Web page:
Damascus Center for Human Rights Studies (DCHRS)

Syria’s surge of deaths in detention revealed

PRESS RELEASE

Click Here to Access Full Report

Syria’s surge of deaths in detention revealed

At least 88 people are believed to have died in detention in
Syria during five months of bloody repression of pro-reform protests, a new
Amnesty International report reveals today.

Deadly detention: Deaths in custody amid popular protest in
Syria documents reported deaths in custody between April and mid-August in the
wake of sweeping arrests.

The 88 deaths represented a significant escalation in the
number of deaths following arrest in Syria. In recent years Amnesty
International has typically recorded around five deaths in custody per year in
Syria.

“These deaths behind bars are reaching massive proportions,
and appear to be an extension of the same brutal disdain for life that we are
seeing daily on the streets of Syria,” said Neil Sammonds, Amnesty
International’s researcher on Syria.

“The accounts of torture we have received are horrific. We
believe the Syrian government to be systematically persecuting its own people
on a vast scale.”

The victims recorded in the report were all swept up in arrests
after Syrians took to the streets en masse from March this year. All male, the
victims include 10 children, some as young as 13.

All the victims are believed to have been detained because
they were involved, or suspected of being involved, in the pro-reform protests.

In at least 52 of these cases there is evidence that torture
or other ill-treatment caused or contributed to the deaths.

Amnesty International has seen video clips of 45 of the
cases – taken by relatives, activists or other individuals – and has asked
independent forensic pathologists to review a number of these.

Injuries on many of the victims’ corpses indicate that they
may have suffered horrendous beatings and other abuses. Signs indicating
torture include burns, blunt force injuries, whipping marks and slashes.

Most of the cases in the report occurred in Homs and Dera’a
governorates, which have seen major protests. Deaths in detention have also
been reported in five other governorates, namely Damascus and Rif Damashq,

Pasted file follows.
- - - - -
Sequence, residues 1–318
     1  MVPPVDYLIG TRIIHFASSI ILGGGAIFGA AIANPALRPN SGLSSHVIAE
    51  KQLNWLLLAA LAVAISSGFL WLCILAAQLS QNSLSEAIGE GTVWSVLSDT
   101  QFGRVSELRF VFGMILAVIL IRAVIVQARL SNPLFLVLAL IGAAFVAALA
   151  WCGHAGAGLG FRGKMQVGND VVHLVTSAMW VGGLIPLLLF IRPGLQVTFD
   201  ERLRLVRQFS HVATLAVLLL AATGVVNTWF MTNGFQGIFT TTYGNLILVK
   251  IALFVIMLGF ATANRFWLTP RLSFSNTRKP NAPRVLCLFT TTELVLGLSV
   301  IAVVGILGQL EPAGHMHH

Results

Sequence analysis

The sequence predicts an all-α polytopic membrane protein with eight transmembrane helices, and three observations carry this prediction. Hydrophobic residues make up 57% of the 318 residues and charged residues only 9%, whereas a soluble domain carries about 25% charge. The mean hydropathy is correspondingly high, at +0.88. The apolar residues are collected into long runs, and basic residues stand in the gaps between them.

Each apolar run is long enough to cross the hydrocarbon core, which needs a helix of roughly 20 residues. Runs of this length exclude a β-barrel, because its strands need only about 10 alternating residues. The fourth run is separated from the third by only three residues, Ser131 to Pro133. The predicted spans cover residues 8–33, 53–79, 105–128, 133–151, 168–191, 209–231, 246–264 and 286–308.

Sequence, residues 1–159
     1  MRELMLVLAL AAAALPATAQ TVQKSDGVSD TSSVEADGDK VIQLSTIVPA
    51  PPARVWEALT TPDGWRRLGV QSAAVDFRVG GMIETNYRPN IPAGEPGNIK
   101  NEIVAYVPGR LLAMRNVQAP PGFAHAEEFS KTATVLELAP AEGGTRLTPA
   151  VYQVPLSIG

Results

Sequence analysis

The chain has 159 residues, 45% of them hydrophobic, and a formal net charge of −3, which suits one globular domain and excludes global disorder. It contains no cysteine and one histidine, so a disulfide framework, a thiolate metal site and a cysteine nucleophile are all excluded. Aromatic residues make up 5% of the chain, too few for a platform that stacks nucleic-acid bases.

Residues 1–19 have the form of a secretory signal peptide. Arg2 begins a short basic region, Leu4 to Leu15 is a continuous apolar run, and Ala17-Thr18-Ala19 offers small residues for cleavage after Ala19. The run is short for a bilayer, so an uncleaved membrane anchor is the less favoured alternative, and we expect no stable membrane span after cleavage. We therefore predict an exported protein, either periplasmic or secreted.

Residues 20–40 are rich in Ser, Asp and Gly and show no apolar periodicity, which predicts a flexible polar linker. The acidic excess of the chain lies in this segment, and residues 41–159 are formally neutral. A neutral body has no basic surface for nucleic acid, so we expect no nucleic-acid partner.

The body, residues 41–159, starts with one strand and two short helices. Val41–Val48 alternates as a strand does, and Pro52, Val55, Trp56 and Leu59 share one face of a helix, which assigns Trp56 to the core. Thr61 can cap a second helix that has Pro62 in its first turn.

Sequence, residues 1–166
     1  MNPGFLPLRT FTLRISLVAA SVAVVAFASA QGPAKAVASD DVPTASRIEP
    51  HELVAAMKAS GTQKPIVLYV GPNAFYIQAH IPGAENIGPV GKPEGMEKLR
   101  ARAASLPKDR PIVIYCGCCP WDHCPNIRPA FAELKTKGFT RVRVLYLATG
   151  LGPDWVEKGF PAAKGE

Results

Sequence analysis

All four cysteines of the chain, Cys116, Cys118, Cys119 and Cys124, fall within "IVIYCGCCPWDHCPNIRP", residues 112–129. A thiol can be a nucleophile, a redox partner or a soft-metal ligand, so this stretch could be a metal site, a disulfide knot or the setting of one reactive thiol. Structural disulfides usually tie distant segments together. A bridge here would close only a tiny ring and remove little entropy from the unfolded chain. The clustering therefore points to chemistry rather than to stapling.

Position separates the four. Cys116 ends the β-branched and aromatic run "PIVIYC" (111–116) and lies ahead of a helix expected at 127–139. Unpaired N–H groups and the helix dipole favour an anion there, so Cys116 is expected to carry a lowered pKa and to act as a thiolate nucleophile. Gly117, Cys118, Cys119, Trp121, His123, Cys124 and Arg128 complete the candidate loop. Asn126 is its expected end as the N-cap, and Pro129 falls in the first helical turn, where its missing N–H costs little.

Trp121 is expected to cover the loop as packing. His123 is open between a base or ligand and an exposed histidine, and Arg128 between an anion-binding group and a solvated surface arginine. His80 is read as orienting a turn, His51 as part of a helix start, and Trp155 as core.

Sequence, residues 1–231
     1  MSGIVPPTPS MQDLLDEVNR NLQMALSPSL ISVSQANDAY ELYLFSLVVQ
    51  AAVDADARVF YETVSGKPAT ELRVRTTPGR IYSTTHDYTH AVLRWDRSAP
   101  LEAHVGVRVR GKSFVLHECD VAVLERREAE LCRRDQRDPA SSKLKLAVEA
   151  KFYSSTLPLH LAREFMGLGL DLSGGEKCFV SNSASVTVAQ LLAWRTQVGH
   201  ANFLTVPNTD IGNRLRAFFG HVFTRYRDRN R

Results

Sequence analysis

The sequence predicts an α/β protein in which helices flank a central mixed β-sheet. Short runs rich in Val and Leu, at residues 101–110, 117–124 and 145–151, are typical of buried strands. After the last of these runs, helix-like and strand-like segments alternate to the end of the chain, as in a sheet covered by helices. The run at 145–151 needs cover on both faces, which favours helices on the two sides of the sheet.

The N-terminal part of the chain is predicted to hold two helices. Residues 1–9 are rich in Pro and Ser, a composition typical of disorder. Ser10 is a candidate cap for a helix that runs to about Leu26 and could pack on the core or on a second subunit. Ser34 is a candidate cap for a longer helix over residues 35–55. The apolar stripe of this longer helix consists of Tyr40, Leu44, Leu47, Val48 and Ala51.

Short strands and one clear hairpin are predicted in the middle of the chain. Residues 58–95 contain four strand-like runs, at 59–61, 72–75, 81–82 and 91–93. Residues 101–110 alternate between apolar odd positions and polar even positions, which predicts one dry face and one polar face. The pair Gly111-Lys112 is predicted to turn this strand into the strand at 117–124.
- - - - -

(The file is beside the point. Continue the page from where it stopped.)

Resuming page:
Idlib, Hama and Aleppo.

Thirteen-year-old Hamza Ali al-Khateeb disappeared on 29
April during protests against the siege of Dera’a, and was later found dead
with apparent blunt force injuries and a severed penis.

One video clip seen by Amnesty International shows the body
of Tariq Ziad Abd al-Qadr from Homs, which was returned to his family on 16
June. His injuries included pulled-out hair, marks to the neck and penis
possibly caused by electric shocks, an apparent cigarette burn, whipping marks,
stab wounds and burns.

The body of Dr Sakher Hallak, who ran an eating disorders
clinic in Aleppo, was discovered by the side of a road a few days after his
arrest on 25 May. Sources told Amnesty International that his injuries included
broken ribs, arms and fingers, gouged eyes and mutilated genitals.

Amnesty International is not aware of any independent
investigation having been carried out into the causes of death in any of the
cases in the report.

Amnesty International has called on the UN Security Council
to refer the situation in Syria to the International Criminal Court, to impose
an arms embargo on Syria and to implement an asset freeze against President
Bashar al-Assad and his senior associates.

“Taken in the context of the widespread and systematic
violations taking place in Syria, we believe that these deaths in custody may
include crimes against humanity,” said Neil Sammonds.

“The response from the Security Council has been utterly
inadequate so far, but it is not too late for them to take firm and legally
binding action.”

Amnesty International has compiled the names of more than
1,800 people reported to have died since pro-reform protests began. Thousands
of others have been arrested, with many held incommunicado at unknown locations
at risk of torture or death.

Notes for editors:

Spokespeople

Amnesty International spokespeople are available to speak
about this report in English, Arabic, French and Spanish. Please call Amnesty
International’s press office in London, UK, on +44 20 7413 5566 or email: press@amnesty.org

– The brother of Dr Sakher Hallak, Mr Hazem Hallak, based in
the USA, is available for interview in English or Arabic about his experience.
Amnesty International can provide contact details on request.

B-roll footage

Interviews with Amnesty International’s Syria researcher
Neil Sammonds, as well as video footage used to develop this report is
available at http://tiny.cc/syria-deadlydetention-ai

 

Map

An interactive “Eyes on Syria” map – showing the location of
the deaths in custody in this report, can be found at http://eyesonsyria.org
(will go live at report embargo time)

Public Document

****************************************

International Secretariat, Amnesty International, 1 Easton
St., London WC1X 0DW, UK

www.amnesty.org